KNOXVILLE, Tenn. — A historical treasure hidden from view inside the basement of a Knoxville home for decades is now in the hands of record collector and film archivist Bradley Reeves.
"I was amazed. This stuff usually doesn't survive. It does get thrown away," Reeves said. "The amount of dirt and grime on the records and in the creases of the original photographs say to me that these have been tucked away and forgotten for many years...decades."
The owners of Lost & Found Records called Reeves when someone dropped off a bin containing old blues/jazz records and pictures they had found while restoring a Knoxville home.
"Whenever they find old blues and jazz 78s, they contact me and let me know, but this one even surprised me. I did not expect what was in store," Reeves said.
Reeves dusted off the records and blues music from the 1940s and 50s blared inside his Maryville home.
"It was just some of the coolest early rhythm and blues and jazz and swing. There was a mixture back in the late 1940s, early 1950s where they mixed jazz, rhythm and blues, gospel, and it created a sound all of its own that lead to the beginnings of Rock & Roll," Reeves said.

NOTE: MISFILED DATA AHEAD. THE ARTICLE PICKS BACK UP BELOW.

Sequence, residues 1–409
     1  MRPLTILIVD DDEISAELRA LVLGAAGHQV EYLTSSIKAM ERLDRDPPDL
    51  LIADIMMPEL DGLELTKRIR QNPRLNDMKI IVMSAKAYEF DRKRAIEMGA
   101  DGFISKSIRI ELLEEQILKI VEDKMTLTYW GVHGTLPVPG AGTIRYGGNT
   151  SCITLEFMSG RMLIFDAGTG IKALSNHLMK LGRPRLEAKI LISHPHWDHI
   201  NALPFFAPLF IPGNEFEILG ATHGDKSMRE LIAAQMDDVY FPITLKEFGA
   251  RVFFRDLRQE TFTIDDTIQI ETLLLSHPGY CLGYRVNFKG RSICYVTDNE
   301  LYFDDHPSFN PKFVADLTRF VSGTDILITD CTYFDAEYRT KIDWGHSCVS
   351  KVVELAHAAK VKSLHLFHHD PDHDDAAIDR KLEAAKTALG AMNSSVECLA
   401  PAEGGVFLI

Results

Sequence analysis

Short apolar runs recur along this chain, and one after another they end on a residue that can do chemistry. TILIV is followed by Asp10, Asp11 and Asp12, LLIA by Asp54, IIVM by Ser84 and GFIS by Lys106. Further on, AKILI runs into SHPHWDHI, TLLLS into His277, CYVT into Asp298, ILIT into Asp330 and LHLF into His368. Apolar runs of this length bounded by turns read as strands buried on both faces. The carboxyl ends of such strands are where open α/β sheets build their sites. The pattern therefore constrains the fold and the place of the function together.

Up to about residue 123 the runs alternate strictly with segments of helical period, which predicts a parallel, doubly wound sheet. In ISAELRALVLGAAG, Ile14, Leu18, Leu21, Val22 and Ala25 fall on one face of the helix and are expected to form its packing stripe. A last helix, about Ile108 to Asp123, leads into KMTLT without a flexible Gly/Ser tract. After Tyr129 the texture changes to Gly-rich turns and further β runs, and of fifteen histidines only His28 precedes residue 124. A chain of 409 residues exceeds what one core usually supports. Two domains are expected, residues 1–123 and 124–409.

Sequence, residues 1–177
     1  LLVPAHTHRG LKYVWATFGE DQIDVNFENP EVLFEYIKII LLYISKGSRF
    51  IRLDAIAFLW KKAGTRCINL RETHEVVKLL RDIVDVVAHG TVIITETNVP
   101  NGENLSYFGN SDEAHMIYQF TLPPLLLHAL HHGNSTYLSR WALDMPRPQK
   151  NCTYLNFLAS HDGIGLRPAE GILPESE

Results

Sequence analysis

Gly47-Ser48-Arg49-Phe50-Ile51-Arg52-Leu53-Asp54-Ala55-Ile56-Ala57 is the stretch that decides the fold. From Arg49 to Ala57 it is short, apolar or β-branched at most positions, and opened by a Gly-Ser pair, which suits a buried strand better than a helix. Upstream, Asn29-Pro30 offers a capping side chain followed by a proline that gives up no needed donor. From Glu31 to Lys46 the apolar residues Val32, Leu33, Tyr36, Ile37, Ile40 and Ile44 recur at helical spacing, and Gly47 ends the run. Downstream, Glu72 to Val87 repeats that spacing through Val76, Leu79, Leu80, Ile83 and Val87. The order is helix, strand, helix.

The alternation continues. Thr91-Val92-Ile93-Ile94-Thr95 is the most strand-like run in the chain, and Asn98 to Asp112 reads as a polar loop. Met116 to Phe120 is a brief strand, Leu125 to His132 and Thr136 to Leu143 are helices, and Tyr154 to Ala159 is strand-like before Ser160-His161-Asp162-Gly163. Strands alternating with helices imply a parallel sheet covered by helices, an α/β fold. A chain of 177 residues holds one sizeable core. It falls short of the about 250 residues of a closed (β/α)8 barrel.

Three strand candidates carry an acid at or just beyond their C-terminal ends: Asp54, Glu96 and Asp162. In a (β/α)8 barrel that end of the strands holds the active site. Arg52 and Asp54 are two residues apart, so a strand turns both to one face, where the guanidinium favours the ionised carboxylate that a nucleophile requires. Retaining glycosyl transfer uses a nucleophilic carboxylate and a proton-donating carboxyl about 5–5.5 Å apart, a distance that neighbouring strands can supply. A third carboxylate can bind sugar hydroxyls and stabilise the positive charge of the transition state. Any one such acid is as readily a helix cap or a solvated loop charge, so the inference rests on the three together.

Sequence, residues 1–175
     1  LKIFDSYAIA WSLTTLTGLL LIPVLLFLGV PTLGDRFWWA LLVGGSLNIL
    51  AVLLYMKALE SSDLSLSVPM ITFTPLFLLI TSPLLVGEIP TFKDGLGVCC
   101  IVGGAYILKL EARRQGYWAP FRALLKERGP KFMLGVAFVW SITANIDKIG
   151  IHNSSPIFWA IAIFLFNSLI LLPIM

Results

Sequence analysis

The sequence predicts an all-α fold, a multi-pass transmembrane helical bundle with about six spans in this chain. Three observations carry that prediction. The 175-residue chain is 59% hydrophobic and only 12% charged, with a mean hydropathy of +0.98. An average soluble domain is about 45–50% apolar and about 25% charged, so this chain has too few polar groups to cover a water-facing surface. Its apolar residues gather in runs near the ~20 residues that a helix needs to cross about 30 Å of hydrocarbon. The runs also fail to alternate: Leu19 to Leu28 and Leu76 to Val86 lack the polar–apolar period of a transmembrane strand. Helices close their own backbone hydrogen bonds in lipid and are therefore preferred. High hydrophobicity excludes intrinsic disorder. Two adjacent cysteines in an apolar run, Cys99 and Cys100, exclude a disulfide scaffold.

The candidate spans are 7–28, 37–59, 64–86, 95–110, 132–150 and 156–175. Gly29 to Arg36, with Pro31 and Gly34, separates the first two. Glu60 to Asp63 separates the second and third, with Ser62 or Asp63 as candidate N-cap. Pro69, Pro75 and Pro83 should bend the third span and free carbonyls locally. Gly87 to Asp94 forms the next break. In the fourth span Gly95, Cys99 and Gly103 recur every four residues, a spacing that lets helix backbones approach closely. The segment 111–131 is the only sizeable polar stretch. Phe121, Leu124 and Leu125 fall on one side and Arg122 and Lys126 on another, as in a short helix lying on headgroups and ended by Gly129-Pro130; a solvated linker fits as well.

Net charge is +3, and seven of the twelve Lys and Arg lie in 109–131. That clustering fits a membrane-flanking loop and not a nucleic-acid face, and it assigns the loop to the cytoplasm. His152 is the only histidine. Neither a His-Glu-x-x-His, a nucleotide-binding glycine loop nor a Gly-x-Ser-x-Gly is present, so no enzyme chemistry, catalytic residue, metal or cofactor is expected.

An even bigger surprise for Reeves was a collection of photographs depicting life for Knoxville's African American community that seems to date back to before the 1920s.
"I'd love to be able to track down the source. That's going to be some real detective work, but it's well worth it. It's been a real gem and really nice to look at some forgotten African American culture," Reeves said.
Reeves held up one of the pictures showing a group of men in hats and ties that he believes to be taxi cab drivers who may have had links to Knoxville's underground music scene at the time.
"It's interesting to see the folks that were involved in either driving the taxi cabs or involved in local jazz and music, There was a whole underground scene downtown. The Waiters and Porters club, for instance, was one swinging little joint, and I've heard about so many legends over the years. So, I'm thinking there's a connection there. It's, it's also interesting to know who would work with African Americans during that time period between 1915 and 1920 to develop their pictures and to produce negatives and photographs.," Reeves said.
He flipped over the back of one portrait to reveal a Kay Jewelers stamp. While it gives insight into who developed the pictures, Reeves hopes he'll one day be able to find out who's in them too.
Reeves will be playing the records live on the air during his radio show on WDVX on April 1 from 10 p.m. to midnight.